I feel, especially with older generations, that keeping some participatory events anonymous will better encourage some visitors to get involved. With Post Secret Warren doesn’t an excellent job of balancing participatory scaffolding and freedom. When reading one of the Post Secret books or viewing an exhibition, like Warren, I feel I can relate to many of the artists/creators/writers.

      Additionally, I do like the idea of exhibitions that are entirely user/visitor generated, though there can be many issues with this as Simon mentions. They require heavy screening of submissions which can sometime cause display/share time to lag. With this process though you create an exhibition that is sort of “by the people, for the people”.

      You can check out the Post Secret blog here:

      Nina Simon’s blog post about hearing Frank Warren speak:

      This blog, 1000 Awesome Things, runs in a similar vein in that though it is narrated/curated by one person, the basis is user generated. I designed my exhibition for A-Z using inspiration from this book.

      • sdaugherty28 1:26 pm on September 19, 2011 Permalink | Log in to Reply

        I agree! I know I would be more comfortable participating if I knew my identity was kept anonymous! Especially if I were revealing my secrets…

    • ajwhipker 12:53 am on September 19, 2011 Permalink | Log in to Reply

      I chose to investigate the Free2choose exhibit at the Anne Frank museum. Right off the bat I was pleased to see that visitors have the chance to view films on the social issues at hand and THEN vote. It allows them to see an up to date version of the debate and puts all conflicts fresh in their minds, maybe creating more controversial results? It seems to be very visitor friendly in being offered in 6 languages and allows for private voting. Simon wrote some suggestions for the exhibit to make it more social, such as physical voting by dividing down the room. Personally I find this a terrible way to go about discussing social issues with complete strangers. Those who have extremely strong opinions on one issue or another could become frustrated or even aggressive towards those with differing opinions. I have also taken part in activities like this and many people tend to follow the majority, even if it’s not their belief. Overall I think the set-up of private voting is ideal for a museum crowd and can promote social interactions and discussions of hot-button issues but in a controlled and safe environment.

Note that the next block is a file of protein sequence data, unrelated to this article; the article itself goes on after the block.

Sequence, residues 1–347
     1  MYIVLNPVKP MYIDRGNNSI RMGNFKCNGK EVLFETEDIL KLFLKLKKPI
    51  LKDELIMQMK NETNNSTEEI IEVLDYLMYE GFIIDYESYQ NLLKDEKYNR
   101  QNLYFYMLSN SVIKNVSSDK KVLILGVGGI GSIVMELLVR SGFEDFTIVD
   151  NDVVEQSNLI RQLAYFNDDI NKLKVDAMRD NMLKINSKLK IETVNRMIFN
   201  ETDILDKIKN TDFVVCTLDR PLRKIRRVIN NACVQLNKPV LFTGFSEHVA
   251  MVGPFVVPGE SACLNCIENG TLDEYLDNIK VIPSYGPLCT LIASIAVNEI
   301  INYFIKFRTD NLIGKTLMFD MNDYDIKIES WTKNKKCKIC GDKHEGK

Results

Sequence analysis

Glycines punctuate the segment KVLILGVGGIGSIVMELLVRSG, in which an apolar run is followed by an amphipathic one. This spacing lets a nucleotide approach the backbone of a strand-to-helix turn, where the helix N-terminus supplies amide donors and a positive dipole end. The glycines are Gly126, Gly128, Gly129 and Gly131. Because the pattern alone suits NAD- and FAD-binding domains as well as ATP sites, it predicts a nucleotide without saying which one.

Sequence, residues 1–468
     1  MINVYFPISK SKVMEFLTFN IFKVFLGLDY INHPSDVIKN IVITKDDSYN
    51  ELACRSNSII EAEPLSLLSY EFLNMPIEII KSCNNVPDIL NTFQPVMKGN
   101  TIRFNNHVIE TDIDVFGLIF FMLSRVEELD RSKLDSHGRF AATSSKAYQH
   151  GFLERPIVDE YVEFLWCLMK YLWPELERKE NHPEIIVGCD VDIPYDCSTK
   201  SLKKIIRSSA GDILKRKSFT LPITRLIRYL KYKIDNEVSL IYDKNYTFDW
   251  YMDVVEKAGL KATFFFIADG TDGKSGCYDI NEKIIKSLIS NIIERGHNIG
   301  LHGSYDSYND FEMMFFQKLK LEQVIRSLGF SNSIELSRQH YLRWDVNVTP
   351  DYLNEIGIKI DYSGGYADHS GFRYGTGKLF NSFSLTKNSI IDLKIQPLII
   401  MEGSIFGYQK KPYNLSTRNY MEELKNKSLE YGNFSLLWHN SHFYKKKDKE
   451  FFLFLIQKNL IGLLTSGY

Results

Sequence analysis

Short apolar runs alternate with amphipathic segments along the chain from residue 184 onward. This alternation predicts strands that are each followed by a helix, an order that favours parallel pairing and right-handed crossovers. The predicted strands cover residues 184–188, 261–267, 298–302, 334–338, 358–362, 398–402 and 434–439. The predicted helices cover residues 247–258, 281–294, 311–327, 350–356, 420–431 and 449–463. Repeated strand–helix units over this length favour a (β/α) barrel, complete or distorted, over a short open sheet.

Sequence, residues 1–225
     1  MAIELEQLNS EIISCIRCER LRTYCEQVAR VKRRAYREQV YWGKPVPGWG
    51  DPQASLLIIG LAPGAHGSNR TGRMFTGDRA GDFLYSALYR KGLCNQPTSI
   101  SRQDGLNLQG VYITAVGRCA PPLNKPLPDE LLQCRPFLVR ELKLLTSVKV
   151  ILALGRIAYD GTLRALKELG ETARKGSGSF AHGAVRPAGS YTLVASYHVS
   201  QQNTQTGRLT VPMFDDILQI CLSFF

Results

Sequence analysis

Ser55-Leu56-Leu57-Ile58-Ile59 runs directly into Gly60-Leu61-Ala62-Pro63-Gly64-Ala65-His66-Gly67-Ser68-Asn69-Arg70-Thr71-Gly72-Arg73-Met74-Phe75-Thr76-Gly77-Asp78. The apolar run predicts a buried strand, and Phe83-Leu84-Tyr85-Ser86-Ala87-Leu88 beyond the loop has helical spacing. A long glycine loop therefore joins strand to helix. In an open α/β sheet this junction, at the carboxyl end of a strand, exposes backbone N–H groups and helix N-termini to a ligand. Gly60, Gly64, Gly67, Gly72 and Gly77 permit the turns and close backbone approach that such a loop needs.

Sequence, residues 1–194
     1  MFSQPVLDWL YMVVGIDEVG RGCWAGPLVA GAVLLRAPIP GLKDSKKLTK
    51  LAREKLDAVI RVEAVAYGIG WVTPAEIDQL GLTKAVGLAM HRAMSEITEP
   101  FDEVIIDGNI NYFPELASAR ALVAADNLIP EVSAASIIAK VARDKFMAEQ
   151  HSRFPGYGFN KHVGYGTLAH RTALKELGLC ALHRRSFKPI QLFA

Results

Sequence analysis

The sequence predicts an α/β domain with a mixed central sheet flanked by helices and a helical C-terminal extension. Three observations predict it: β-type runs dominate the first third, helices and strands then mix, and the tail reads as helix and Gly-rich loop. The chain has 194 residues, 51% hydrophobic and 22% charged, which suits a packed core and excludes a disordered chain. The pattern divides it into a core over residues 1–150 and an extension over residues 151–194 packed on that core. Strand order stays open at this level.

Other random thoughts on the reading…
      I really found the outlining of the 5 stages of social interaction really useful in chapter one. After seeing it used in an everyday example I could see how it applies to my life. It really reminded me of goodreads.com, a great site where you can track books you’ve read, write reviews, read the lists and reviews of others as well as comment on their material. Lastly once you post so many reviews you can get personal recommendations. It is basically as interactive as you want it to be (as there is no ‘facilitator’) and members can reach all five stages of interaction.(When I got to chapter two I saw Simon uses a similar website!) I also wonder if Simon read Siemen’s theories of connectivity, as she seemed to highlight the importance of participation happening on a larger scale in which people have a sense of team/doing their share.